Assessing the accuracy of patient-specific guides for total knee arthroplastySeon, JK., Park, HW., Yoo, SH. et al.
Patient-specific guides have been introduced recently as a means of making accurate bone cuts through custom cutting blocks constructed based on pre-operative three-dimensional imaging. However, the controversy concerning the improved results of patient-specific guides have not been resolved yet; in addition, there have been no studies to investigate the causes of variable with inconsistent results and solutions for the causes.
Thirty eight patients (38 knees) underwent total knee arthroplasty with patient-specific guides. The mean age of the patients was 68 years (SD ± 6.3), and all patients had a minimum 2-year follow-up. An intra-operative alignment using navigation and the causes of outliers were evaluated.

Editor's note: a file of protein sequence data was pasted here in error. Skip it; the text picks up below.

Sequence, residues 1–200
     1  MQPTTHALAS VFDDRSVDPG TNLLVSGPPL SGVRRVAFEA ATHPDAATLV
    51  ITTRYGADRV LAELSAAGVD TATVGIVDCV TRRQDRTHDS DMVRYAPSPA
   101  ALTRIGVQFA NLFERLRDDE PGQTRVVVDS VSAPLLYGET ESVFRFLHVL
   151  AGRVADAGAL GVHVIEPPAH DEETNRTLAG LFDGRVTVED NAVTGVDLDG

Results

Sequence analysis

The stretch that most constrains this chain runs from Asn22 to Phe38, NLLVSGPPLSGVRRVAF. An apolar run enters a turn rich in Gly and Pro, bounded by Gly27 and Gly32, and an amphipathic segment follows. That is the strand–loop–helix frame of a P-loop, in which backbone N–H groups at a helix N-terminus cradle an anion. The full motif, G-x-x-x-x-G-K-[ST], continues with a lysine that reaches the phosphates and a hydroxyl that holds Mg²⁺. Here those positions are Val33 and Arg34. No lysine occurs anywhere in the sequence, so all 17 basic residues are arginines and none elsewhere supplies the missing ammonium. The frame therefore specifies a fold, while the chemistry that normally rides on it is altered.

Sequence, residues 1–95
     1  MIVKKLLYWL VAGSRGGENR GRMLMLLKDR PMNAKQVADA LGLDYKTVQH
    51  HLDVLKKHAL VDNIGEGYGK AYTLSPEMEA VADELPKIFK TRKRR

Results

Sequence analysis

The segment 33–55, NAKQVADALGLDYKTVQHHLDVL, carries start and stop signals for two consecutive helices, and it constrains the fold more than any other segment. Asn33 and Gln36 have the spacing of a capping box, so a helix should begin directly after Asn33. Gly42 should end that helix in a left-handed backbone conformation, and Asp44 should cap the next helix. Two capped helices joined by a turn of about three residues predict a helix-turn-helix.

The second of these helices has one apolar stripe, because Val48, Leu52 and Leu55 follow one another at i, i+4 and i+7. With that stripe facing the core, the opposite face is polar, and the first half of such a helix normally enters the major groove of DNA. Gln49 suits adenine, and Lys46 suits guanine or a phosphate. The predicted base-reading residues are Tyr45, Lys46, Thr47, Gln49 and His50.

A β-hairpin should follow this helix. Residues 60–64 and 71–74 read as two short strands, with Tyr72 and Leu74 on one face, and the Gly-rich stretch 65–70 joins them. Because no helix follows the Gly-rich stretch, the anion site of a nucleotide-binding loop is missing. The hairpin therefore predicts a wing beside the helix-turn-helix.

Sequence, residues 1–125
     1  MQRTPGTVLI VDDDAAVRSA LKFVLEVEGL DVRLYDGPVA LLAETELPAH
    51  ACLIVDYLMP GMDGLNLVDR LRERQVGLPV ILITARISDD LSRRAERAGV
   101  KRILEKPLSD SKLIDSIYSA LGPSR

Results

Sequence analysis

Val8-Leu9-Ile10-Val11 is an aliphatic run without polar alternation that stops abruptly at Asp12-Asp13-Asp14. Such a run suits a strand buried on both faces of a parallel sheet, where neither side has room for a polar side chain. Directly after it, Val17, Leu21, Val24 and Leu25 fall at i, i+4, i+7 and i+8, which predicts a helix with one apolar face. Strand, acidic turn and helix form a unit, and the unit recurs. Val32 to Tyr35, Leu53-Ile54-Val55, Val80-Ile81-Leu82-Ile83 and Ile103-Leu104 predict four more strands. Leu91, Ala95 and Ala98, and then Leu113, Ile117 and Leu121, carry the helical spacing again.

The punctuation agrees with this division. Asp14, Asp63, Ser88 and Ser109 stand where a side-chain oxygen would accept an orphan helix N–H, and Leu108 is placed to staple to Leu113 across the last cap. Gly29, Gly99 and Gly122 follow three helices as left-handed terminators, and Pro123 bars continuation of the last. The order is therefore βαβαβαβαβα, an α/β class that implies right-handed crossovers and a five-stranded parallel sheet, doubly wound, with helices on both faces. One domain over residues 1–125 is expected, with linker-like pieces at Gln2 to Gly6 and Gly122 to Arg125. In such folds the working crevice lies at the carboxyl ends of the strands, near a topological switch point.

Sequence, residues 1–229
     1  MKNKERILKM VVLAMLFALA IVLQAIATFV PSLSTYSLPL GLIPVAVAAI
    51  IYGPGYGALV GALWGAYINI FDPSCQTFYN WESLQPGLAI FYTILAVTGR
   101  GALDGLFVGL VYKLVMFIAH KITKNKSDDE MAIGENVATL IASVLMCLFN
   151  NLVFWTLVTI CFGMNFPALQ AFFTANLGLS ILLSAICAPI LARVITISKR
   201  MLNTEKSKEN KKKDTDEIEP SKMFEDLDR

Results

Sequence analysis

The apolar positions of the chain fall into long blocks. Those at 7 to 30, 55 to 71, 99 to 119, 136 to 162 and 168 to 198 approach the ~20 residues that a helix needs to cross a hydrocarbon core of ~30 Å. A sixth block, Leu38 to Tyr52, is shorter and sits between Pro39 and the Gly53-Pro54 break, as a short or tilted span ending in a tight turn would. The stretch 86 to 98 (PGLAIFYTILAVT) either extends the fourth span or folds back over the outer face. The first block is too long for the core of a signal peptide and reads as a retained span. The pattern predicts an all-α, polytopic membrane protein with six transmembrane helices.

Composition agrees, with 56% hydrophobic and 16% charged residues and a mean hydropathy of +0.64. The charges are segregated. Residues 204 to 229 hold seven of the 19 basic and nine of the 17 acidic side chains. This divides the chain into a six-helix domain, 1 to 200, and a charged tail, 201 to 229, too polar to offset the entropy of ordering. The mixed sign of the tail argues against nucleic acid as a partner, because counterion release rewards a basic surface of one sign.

An average coronal alignment of PSI jigs was 0.5° (SD ± 0.9°) in femur and 0.1° (SD ± 0.8°) in tibia, and the number of outliers was two and three cases, respectively. An average sagittal alignment was 0.6° (SD ± 0.9°) in femur and 5.5° (SD ± 1.1°) in tibia, and the number of outliers was three and five cases, respectively. All outliers resulted from large osteophytes near the contact point of patient-specific guides which disturb sitting of the guide.
It was suggested that patient-specific guides were an effective and safe method to achieve accurate alignments, with no additional intra-operative complication. It is important to note that surgeons need to be precautious using the patient-specific instrumentation in patients with severe varus deformity. In addition, existing osteophytes which disturb sitting of the guides should be carefully evaluated pre-operatively and intra-operatively.
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